Sphaeralcea ambigua

Desert globemallow

Melissa Buckheit


Globe’s Mallow Tale


Once, when there was nothing but ocean,

water and ice,

and the desert was cold and not yet alone,

the Globemallow floated under glass, its globe a terrarium,

imagined as airtight,

cresting upon waves, the bloom preserved

for millennia.


Roadside scrap, scrub, coated with gas

exhaust, its glass landed

in New Mexico, Utah, Nevada,

Southern Colorado, The Sonoran

Basin, what was Mexico. What was

ocean, what was



The empty surmounted

until, in the flowing air,

the bee. The bee landed

in the fine hairs of the mallow’s leaves,

to begin the orgiastic dance;

legs wrapped around the stamen, both vibrate,

mallow and bee.


Landed and named: Sphaeralcea ambigua

subsp. ambigua, Desert Globemallow

Sphaeralcea incana, Grey Globemallow, Soft Globemallow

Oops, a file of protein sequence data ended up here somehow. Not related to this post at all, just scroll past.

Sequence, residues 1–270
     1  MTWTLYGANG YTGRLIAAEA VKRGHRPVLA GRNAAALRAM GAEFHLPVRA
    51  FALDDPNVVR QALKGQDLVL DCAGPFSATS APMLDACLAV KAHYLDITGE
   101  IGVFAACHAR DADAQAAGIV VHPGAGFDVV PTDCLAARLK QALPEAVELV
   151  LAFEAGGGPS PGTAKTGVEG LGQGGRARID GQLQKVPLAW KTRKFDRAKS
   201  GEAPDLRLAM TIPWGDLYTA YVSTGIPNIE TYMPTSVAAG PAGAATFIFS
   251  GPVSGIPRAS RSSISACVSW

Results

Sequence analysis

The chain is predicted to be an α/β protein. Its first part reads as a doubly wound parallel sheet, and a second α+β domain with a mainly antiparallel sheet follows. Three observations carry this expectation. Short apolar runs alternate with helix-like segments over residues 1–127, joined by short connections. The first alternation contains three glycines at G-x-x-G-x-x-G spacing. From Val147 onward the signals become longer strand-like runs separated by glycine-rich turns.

Caliche Globemallow, Sore Eye

Mallow, Sphaeralcea laxa, S. ribifolia, Sore

Eye ‘Poppy’, Mal de ojo, Malvia, Apricot Mallow—

orange, Parish Mallow, Rose Mallow—pink, white,

lavender, magenta or red. S. aculeata,

S. rocacea, S. rugosa, Grey-hairy. Plantas

muy malas, vibrational color of the Buddha.


The Globe will soothe you,

crush the leaves to line your shoes

or drink a tea of Creosote and Mallow

for appetite. Use as a poultice, to soothe

bleeding, blisters; the fine hairs of the leaves

will also break the eye into redness. Along roadsides,

old washes, in parking medians, spotting

the deserts.


When the Spanish found

the Globemallow, in what was once

Mexico, they called it not

‘bad plant’ but ‘very

bad plant’. The stellate hairs

like small sabers, the fine thorns of Hedgehog

Cacti, will lodge in the eye,

their wet sap, emollient, drawing

redness. The English

were diplomatic, using Latin names,

scientific with an English designation. They

added ‘Sore Eyes’, for the flower

was no longer evil. The Globe’s Mallow

was only its effect. For

we all wish to be consumed.




Melissa Buckheit is a poet, dancer, photographer, English Professor and Bodywork Therapist. She is the author of Noctilucent (Shearsman, 2012), and a chapbook, Arc (The Drunken Boat, 2007). Her writing has appeared in nth position, Blue Fifth Review, The Drunken Boat, Sinister Wisdom, Shearsman Magazine, and Sonora Review, among others. She teaches at the University of Arizona and Pima College.